How to Use Assessments to Hire Effectively
According to the research in my book Cracking the Personality Code, today there are around 2,500 cognitive and personality tests on the market. So how do you decide which one to use?
personality test, management, hiring, employer, employee
Not to alarm you, but don’t take choosing a personality test lightly. According to the research in my book Cracking the Personality Code, today there are around 2,500 cognitive and personality tests on the market. So how do you decide which one to use?
Did you know your organization risks lawsuits if it fails to do proper due diligence in test selection? That’s because there are a multitude of assessments available out there and the industry is totally unregulated.
To understand how to choose from the plethora of personality tests, it is helpful to understand the origins of these instruments.
Our story begins in a mental hospital in Minnesota during World War II. A test called the Minnesota Multiphasic Personality Inventory is created to diagnose mental illness with yes-or-no responses to a series of questions. In an attempt to put some science into the hiring process, many companies start employing psychologists who in turn used this existing MMPI psychopathological test to screen job applicants. The test includes true-false questions like “I never indulge in unusual sex practices” and “I feel sure there is only one true religion.” Of course, this seemed strange and intrusive to most job applicants who took the test over the next six decades.
Meanwhile, a Harvard University instructor and psychologist named Raymond Cattell working in the Adjutant General’s office devised psychological tests for the military. After the war he accepts a research professorship at the University of Illinois where they were developing the first electronic computer, the Illiac I, which would make it possible for the first time to do large-scale factor analyses of his personality testing theories.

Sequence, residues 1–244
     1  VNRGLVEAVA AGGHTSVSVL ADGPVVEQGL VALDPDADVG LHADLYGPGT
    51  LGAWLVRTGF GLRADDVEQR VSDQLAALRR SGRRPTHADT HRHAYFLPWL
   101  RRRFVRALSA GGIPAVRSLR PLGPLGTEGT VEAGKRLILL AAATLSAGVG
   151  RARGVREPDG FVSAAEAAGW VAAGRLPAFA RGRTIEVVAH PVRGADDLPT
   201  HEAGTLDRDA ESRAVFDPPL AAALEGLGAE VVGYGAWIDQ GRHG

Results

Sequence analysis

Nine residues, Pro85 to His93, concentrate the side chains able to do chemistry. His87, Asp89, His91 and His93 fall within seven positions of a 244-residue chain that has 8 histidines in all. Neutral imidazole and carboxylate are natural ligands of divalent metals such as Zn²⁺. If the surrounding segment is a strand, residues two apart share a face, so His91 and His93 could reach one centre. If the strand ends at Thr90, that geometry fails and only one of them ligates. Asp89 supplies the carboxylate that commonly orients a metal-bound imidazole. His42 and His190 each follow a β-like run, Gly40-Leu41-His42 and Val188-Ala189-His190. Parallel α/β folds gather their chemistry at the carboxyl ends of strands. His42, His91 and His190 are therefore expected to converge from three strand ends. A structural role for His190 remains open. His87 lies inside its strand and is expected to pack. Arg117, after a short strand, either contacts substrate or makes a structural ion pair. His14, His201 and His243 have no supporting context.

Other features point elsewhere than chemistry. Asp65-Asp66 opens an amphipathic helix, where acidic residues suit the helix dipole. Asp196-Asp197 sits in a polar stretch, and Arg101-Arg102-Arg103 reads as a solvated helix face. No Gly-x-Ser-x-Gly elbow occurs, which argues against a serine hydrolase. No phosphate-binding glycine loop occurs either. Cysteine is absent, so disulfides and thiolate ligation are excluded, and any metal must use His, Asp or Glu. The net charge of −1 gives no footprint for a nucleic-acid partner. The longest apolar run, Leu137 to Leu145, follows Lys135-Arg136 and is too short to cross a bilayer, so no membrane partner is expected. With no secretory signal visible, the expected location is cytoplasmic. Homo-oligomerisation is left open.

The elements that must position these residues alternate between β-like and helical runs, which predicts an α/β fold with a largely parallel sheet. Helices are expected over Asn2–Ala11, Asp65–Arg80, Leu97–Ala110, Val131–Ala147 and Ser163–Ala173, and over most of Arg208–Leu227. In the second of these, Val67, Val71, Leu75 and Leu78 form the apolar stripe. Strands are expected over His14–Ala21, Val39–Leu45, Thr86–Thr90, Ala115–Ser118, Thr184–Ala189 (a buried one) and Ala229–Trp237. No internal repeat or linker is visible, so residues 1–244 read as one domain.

Cattell used an IBM sorter and the brand-new Illiac computer to perform factor analysis on 4,500 personality-related words. The result was a test to measure intelligence and to assess personality traits known as the Sixteen Personality Factor questionnaire (16PF). First published in 1949, the 16PF profiles individuals using 16 different personality traits. Cattell’s research proved that while most people have surface personality traits that can be easily observed, we also have source traits that can be discovered only by the statistical processes of factor analysis. His 16 measures of personality are:
* Warmth-from reserved to attentive
* Reasoning-from concrete thinker to conceptual thinker
* Emotional Stability-from changeable to stable
* Dominance-from cooperative to assertive
* Liveliness-from restrained to spontaneous
* Rule Consciousness -from non-conforming to dutiful
* Social Boldness-from timid to bold
* Sensitivity-from unsentimental to sentimental
* Vigilance-from trusting to suspicious
* Abstractedness-from practical to imaginative
* Privateness-from openness to discreet
* Apprehension-from self-assured to apprehensive
* Openness to Change- from traditional to open to change
* Self Reliance-from affiliative to individualistic
* Perfectionism-from tolerant to perfectionistic
* Tension-from relaxed to tense
In 1963 W.T. Norman verified Cattell’s work but felt that only five factors really shape personality: extraversion, independence, self-control, anxiety and tough-mindedness. Dubbed the “Big Five” approach, this has become the basis of many of the modern personality tests on the market today. There have been hundreds and hundreds of studies validating the approach.
Using the “Big Five” terms, here is what a manager is looking for on a spectrum of personality:
* Extraversion-introvert or extravert?
* Independence-accommodation or independence?
* Self-Control-lack of restraint or self-control?
* Anxiety-low anxiety or high anxiety?
* Tough-Mindedness-receptivity or tough-mindedness?
The five decades of research findings, which are much more elaborate then the brief descriptions provided here, has served as the framework for constructing a number of derivative personality inventories. This is a topic that’s been researched to death by the field of industrial and organizational psychology. The astounding thing is how many companies undertake such huge investments in hiring and do not pay attention to what we know about using personality assessments to pick out the people who are going to be the best.